Retro tribute to original Hyundai Pony hatchback unveiled
Hyundai has pinned the Ioniq 5’s design language onto its first production model, the Pony hatchback
Hyundai has launched a new retro tribute to its first ever mass production vehicle, the Pony. The reimagined classic borrows some styling cues from the Korean brand’s latest model, the Ioniq 5, which actually used the Pony as the starting point for its design.
The Pony’s angular lines were originally penned by the legendary Italian designer, Giogetto Giugiario, who was also responsible for the likes of the Alfa Romeo Alfasud, the Lancia Delta and the original Lotus Esprit. As such, Hyundai hasn’t tried to improve the Pony’s panelling, choosing instead to augment its retro lines with modern technology.
For example, the Pony tribute’s tail lights share a similar U-shaped signature to the Ioniq 5’s, but feature the same 8-bit graphics that were commonplace around the time of the car’s launch. The hatchback’s headlights have also been swapped for modern LED units, which ape the design of the original lamps.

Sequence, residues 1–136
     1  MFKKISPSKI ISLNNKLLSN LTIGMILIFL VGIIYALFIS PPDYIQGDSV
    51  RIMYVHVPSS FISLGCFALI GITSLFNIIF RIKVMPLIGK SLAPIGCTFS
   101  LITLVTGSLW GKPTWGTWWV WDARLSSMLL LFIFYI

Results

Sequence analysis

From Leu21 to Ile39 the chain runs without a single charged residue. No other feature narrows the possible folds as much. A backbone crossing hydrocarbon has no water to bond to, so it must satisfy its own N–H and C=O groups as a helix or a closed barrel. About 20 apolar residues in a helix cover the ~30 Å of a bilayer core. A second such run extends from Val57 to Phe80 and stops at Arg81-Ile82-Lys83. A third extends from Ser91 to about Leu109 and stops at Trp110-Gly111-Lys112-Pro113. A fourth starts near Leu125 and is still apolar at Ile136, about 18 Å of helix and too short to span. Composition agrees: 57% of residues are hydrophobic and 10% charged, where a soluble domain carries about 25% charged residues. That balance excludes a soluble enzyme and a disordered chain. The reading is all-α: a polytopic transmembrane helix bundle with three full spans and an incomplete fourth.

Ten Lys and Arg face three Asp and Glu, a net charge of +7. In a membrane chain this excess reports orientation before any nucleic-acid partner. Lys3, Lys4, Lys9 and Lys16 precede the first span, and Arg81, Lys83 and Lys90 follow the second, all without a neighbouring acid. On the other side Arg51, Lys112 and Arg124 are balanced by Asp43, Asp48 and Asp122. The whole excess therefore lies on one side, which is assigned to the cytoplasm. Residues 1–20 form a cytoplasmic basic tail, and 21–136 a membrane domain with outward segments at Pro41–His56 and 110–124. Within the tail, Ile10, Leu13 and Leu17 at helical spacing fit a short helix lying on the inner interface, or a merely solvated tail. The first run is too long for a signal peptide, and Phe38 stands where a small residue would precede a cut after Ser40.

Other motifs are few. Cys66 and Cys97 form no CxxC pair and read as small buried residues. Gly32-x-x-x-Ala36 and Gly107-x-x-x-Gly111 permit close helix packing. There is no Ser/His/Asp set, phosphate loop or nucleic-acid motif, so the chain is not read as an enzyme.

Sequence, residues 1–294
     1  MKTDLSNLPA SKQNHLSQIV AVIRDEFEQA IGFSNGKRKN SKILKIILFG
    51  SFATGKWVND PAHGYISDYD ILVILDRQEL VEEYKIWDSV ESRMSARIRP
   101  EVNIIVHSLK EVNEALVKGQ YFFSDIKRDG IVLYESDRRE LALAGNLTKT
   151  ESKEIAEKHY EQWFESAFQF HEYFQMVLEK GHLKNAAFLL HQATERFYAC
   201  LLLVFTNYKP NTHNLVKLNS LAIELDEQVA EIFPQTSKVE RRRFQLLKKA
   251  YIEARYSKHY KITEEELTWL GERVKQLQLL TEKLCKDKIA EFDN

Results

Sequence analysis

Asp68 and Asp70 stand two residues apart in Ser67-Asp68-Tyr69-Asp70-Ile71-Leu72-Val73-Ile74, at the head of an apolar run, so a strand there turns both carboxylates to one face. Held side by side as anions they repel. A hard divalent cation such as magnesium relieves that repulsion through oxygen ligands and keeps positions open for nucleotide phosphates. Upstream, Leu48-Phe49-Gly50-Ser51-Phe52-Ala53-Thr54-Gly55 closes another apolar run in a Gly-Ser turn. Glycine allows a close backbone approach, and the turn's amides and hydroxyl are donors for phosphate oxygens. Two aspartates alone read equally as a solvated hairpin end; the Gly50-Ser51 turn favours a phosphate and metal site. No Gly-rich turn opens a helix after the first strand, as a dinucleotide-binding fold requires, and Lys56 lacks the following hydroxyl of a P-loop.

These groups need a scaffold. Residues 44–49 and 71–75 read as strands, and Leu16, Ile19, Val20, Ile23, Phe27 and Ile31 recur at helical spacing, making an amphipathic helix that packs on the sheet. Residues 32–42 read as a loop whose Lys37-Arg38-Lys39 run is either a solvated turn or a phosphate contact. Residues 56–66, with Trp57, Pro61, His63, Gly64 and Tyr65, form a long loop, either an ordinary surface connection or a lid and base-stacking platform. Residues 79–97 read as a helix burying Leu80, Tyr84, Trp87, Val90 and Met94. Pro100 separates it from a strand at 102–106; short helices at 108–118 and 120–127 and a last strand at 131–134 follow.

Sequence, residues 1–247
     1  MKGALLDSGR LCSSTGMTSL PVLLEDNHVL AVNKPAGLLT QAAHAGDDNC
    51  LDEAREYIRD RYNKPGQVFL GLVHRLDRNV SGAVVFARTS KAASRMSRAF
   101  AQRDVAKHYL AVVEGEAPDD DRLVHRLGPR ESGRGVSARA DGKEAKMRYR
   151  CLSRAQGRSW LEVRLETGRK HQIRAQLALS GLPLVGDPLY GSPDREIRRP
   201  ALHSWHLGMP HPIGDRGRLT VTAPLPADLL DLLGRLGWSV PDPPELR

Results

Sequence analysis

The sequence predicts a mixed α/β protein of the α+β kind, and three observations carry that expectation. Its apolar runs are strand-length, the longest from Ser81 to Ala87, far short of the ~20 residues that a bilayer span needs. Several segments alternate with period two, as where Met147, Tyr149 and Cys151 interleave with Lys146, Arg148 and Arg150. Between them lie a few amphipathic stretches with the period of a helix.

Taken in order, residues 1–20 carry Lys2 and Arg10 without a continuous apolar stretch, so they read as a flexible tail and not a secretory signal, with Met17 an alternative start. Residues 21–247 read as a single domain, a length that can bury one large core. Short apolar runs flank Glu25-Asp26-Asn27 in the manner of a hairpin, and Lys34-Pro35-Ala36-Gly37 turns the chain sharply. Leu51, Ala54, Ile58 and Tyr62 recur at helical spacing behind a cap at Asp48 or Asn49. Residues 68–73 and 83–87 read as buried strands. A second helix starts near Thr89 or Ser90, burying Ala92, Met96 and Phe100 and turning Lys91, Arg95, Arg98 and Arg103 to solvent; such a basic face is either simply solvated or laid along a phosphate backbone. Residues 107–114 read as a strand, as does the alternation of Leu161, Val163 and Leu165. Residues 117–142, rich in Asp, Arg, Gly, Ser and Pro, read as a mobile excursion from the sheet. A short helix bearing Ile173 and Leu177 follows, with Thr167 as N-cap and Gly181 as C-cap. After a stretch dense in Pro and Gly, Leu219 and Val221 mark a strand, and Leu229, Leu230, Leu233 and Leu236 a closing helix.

Next, the car’s wing mirrors were binned in favour of modern rear-view cameras, which send feeds to the interior. Hyundai even designed a set of bespoke, period-correct alloy wheels, which are slightly larger than the steel wheels fitted to the original car.
Inside, the changes are more profound. The standard dashboard has been heavily modified with a new digital instrument cluster that uses illuminated vacuum tubes in place of the original car’s analogue gauges. There’s a touch-sensitive panel occupying the same space as the classic’s radio and heater controls.
The steering wheel has been sympathetically modernised, with fresh leather trim and a retro thumb-switch to activate the car’s voice control system. The door cards have received the same treatment, with modern soft-touch materials, ambient lighting and speakers set atop retro leather trim.
Hyundai also gave the centre console a tickle, with a new wireless smartphone charger and an unusual touch-sensitive H-gate gear selector. This latter design decision seems to be nothing more than a nod to the Pony’s past as, from what we can work out, this tribute is all-electric. Hyundai hasn’t actually confirmed what’s powering the concept, but the dial on the left-hand side of the dashboard (labelled “Pony Energy”) appears to be a charge-level indicator.
Hyundai has a few electric powertrains to choose from but, considering the boot still has enough space for a “last-mile mobility device”, we expect it’ll be one of the firm’s smaller units. A likely option is the 134bhp electric motor from the entry-level Kona Electric, as it’s compact enough to slot either under the bonnet or beneath the boot floor.